Like every undergraduate physicist I started out doing lab work at least once a week. All these had a work sheet we had to follow and were heavily experimental. Honestly, I didn’t really enjoy them all that much but as I progressed though my degree I was able to choose what I wanted to work on. By the time I started my Masters project I was only interested in theoretical projects. I really enjoyed them. I loved creating simulations and I knew when something went wrong it was something I’d done. And you always got some lovely looking data! (If you compare the first 2 images in the post you will see what I mean!)
Then came the time to decide what to do with my life. I knew I wanted to pursue a PhD so I started applying to various universities. Unsurprisingly, four out of the five projects focused on computational simulations. However, I picked the only one which had an experimental element, the Condensed Matter Physics CDT in Bristol and Bath. I had fallen in love with Condensed Matter Physics (CMP), especially magnetism, by the end of my Masters and I wanted to understand it better. I wanted to be able to read papers and know how the experimental techniques worked and how this related to their results and impacted my potential future research.
My plan was to try everything and learn as much as I could in the first year, then I would choose a theoretical PhD project. I picked a wide variety of Physics Techniques modules (short introductory training modules into a range of techniques important in CMP) so I could try lots of new and interesting things. I got to use the clean room at Bath, design and etch circuit boards, use an electron microscope as well as a variety of other things. For my first longer research project in the CDT I decided to stick with something I felt comfortable with. I was looking at magnetic proximity effects from iron in uranium. The theory was something I had a little knowledge about so I had no idea what to expect from the experimental side. I had to learn how to attach 25 micrometer diameter gold wire from a contact pad to the sample we were looking at. It was fiddly and frustrating, very frustrating! And then there were the actual magneto-resistance measurements… These consisted of turning on a current source to create a magnetic field, then waiting 20 minutes and pressing a button to take the field back to zero, then another 20 minutes and switching the polarity of the field…and so on. Each measurement took close to an hour and a half to complete where we just had to sit and wait in order to press one button! However, some of the results were very interesting, which made the whole thing worth it in the end.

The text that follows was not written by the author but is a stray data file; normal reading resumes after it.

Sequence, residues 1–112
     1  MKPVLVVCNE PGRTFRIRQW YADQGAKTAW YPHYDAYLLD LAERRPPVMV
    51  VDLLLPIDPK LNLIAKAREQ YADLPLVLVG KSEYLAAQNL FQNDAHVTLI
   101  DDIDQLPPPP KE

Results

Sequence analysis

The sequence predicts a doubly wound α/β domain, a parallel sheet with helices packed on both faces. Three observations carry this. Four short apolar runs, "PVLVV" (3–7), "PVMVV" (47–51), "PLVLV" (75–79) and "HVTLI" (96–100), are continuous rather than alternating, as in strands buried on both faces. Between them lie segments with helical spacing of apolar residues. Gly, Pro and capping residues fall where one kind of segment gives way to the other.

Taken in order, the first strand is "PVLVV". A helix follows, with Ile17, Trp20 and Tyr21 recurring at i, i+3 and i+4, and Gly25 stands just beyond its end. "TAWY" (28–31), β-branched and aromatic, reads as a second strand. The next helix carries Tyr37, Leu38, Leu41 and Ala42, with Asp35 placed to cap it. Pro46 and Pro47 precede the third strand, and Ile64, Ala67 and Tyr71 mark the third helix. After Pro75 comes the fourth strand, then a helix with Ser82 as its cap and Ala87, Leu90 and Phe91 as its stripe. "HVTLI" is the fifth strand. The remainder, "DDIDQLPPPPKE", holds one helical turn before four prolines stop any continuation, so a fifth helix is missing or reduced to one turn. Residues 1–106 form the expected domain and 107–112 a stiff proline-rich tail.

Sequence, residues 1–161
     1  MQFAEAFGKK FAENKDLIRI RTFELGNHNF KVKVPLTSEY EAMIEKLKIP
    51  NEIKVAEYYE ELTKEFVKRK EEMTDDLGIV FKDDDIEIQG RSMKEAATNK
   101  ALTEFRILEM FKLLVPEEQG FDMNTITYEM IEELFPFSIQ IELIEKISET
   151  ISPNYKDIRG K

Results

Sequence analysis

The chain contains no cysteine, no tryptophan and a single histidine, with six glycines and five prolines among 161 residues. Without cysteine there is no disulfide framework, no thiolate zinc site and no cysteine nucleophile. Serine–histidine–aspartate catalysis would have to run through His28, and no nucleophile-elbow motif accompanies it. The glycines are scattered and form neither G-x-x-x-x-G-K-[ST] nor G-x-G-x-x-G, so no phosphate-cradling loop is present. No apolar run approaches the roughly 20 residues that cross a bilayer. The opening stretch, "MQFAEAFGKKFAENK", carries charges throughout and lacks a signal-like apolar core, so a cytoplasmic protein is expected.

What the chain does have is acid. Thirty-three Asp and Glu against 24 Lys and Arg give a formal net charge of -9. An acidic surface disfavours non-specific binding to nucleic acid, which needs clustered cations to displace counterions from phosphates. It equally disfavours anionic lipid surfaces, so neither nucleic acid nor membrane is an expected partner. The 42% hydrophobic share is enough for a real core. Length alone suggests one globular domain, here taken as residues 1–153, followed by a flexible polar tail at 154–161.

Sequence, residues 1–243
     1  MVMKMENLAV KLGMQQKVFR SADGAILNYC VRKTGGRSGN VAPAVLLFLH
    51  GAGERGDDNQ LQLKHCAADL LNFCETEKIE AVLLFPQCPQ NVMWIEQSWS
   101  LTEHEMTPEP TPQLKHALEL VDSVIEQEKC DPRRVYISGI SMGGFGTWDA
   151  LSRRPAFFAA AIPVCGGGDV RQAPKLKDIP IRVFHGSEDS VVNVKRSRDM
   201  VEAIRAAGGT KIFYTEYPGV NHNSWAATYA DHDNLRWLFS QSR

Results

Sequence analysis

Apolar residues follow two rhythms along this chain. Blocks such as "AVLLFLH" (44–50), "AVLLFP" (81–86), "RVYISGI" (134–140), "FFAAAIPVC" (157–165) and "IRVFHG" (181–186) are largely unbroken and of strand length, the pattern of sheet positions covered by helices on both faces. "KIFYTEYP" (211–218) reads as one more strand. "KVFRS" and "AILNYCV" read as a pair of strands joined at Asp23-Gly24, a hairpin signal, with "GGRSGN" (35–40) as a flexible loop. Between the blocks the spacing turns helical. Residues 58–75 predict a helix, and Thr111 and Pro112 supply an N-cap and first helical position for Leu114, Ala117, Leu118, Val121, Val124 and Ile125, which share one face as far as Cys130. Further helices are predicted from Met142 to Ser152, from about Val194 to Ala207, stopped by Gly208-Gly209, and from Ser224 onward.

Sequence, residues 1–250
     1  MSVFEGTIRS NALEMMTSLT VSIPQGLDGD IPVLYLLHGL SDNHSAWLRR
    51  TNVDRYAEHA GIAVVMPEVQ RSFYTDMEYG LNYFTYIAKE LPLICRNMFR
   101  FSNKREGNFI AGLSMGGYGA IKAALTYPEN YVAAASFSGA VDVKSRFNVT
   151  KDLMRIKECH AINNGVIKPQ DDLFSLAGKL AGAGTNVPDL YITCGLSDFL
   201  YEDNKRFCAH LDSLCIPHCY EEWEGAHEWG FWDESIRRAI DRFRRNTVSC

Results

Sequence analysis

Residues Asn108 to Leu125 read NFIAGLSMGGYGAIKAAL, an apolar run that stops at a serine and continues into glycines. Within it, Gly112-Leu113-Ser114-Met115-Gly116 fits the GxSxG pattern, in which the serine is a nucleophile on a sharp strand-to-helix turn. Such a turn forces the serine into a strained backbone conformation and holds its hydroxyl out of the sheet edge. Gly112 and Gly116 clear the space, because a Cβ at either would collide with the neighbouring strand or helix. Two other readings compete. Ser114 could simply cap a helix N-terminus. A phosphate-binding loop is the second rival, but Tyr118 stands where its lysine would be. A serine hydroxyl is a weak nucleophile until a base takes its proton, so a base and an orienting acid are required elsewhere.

Somehow, even with all the things that frustrated me I chose to stick with experimental physics a little while longer. I took on a placement with one of the Partners of the CDT-CMP in Nijmegen at the High Field Magnet Laboratory. I got to learn how to create a working experimental probe and how to take low temperature measurements. The more I did it the more I enjoyed it.
Then just at the end of February we were given the list of potential PhD project choices. Would you believe it? – I decided to continue with my first long research project in the CDT. All the labs and projects I did throughout the year really opened my eyes to what experimental physics was really like. Yes, there was a lot of waiting around and different bits and pieces were always breaking down but it was a lot of fun! It is so rewarding when you spend a long time preparing your measurements and then they finally work; I can’t wait to see where my PhD takes me and what other skills I will end up learning by taking on an experimental project. Maybe, I’ll even be able to use some of the skills learned in my theoretical adventures to make my PhD as interesting as possible.
Read some selected thereotical and experiments papers from JPCM
Ultrafast dynamics of localized magnetic moments in the unconventional Mott insulator Sr2IrO4 – O Krupin et al 2016 J. Phys.: Condens. Matter 28 32LT01
Semiclassical magnetotransport in strongly spin–orbit coupled Rashba two-dimensional electron systems – Cong Xiao and Dingping Li 2016 J. Phys.: Condens. Matter 28 235801
Magnetotransport of single crystalline YSb – N J Ghimire et al 2016 J. Phys.: Condens. Matter 28 235601
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Categories: Journal of Physics: Condensed Matter